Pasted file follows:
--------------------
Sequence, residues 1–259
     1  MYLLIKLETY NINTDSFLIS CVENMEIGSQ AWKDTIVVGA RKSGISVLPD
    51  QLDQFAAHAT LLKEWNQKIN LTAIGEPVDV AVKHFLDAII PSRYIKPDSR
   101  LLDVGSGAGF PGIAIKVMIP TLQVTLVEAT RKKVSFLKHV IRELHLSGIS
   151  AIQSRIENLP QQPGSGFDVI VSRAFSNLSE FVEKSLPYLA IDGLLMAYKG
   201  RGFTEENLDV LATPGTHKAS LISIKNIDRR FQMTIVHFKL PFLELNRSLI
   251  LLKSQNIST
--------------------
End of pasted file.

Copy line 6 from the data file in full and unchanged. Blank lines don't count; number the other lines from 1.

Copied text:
   201  RGFTEENLDV LATPGTHKAS LISIKNIDRR FQMTIVHFKL PFLELNRSLI